Today, we are answering your questions off the Speak Pipe. Many of those questions are in regard to asset location. We talk about weighing tax efficiency against higher returns in your accounts, and Dr. Dahle reminds you not to let the tax tail wag the investment dog. We answer questions about high-yielding ETFs, QLACs, 457s, nonqualified deferred compensation plans, and bonds with high fees.


 

High-Yielding ETFs and Where to Put Them

“Hi, Dr. Dahle, this is Tom from California. I have a question regarding ideal locations of higher-yielding ETF funds across my taxable account, my tax-deferred accounts, or my Roth tax-free accounts. Specifically, the funds are a TIPS fund, a REIT fund, VPN, a utilities fund, VNQ, a total bond market, a total international bond market fund, and a short term bond fund. All of these are at Vanguard.

The question is, is it best to utilize all of the space within the tax-deferred and the tax-free accounts exclusively for those income-producing funds in spite of the fact that that takes away some opportunity to grow equities within that tax-deferred and tax-free space? Or is it better to have some of those funds, particularly the lower-yielding ones, sit on the taxable account and allow a full equity fund like VTI to be in either the Roth and the 403(b)? I would appreciate your thoughts. And specifically, is there any difference between whether it sits in the Roth or if it sits in the 403(b) in terms of what you would put where?”

This is not an easy question. We're talking about asset location. This is a topic I've hit on a lot. If you want the definitive source, go to whitecoatinvestor.com/asset-location, and it will talk about all of these principles. We are talking about portfolio design here, and the important thing with portfolio design is that you start at the top. You set your goals and you choose what accounts you're going to use to reach those goals. Typically for some things, it's very simple. If it's a health goal, you're probably using an HSA. If it's a college savings goal, you're probably using a 529. But if it's retirement, you probably have five or six different accounts that you're using toward that goal.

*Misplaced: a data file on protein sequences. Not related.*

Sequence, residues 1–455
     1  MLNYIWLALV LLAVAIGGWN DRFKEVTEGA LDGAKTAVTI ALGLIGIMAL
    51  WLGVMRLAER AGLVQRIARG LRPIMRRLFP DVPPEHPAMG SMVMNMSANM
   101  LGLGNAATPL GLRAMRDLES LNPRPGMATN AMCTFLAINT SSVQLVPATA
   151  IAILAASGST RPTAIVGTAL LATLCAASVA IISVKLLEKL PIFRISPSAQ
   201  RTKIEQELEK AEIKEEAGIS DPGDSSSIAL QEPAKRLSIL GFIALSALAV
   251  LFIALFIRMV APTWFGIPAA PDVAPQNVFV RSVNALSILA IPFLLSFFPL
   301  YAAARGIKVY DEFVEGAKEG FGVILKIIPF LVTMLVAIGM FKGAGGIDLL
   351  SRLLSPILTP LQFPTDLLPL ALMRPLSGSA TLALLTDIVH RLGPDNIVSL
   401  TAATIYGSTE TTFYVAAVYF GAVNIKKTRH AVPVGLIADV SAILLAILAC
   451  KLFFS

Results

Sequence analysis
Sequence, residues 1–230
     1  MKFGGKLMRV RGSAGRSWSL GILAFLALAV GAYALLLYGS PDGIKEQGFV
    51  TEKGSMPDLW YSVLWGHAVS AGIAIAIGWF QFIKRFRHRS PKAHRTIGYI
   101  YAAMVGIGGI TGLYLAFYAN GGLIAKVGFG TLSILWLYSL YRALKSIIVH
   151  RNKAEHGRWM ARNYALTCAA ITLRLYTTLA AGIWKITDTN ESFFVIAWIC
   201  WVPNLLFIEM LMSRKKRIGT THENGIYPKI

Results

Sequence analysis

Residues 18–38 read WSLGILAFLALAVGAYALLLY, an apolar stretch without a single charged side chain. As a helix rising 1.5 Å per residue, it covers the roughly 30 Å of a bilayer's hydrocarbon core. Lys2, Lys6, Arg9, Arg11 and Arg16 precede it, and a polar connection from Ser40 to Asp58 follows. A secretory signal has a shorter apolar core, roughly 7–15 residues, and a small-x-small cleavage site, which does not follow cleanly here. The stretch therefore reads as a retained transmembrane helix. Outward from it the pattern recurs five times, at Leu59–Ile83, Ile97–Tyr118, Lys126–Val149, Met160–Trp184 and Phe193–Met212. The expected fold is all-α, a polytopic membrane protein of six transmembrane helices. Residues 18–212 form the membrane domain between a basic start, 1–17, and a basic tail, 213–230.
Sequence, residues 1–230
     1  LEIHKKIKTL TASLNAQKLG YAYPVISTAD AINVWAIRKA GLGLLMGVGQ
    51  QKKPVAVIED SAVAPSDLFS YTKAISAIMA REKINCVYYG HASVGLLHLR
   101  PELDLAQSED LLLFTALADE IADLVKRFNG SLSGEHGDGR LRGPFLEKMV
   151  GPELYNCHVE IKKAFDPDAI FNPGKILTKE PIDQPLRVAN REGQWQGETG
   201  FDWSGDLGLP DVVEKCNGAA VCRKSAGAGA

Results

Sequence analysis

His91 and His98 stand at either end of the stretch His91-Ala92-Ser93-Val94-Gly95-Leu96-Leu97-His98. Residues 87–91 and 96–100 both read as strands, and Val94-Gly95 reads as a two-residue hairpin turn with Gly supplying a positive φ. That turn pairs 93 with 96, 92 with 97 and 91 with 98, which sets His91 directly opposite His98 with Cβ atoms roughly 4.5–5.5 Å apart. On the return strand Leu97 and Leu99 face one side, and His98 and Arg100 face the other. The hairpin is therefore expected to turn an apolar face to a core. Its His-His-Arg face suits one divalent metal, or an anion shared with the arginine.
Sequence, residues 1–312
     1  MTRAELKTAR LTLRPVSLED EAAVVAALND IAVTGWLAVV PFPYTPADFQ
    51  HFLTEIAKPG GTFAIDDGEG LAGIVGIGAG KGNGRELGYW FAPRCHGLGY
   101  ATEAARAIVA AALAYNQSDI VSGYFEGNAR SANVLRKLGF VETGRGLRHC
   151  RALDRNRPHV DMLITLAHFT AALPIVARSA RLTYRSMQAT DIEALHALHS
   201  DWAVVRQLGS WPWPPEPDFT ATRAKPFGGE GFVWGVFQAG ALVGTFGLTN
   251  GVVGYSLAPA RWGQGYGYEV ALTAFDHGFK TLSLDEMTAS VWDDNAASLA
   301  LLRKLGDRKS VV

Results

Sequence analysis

Once you've chosen those accounts, you choose your desired asset allocation, and then you choose the individual investments to fulfill that asset allocation. You're choosing funds now. Then, you're trying to decide where you put each of those investments inside those accounts. This is like step 5, the tax-efficient fund placement or the asset location. That's what we're talking about here. There are a few principles you should be aware of here. But the first thing overall, remember that this is not a problem for lots of people. If you only have a taxable account or almost your entire portfolio is a taxable account, it’s very easy. Likewise, if you have all your money in a Roth IRA, like you're a resident or something, obviously everything's going in there. If you have space in a Roth IRA, you're going to put the investments there and that's great. They grow tax-protected. If all your accounts are tax-protected, that's great, and you don't have to deal with “What do I stick in taxable?” It's only for people that have some of their retirement money in a taxable account and some of their money in a tax-protected account that this becomes an issue. Keep that in mind.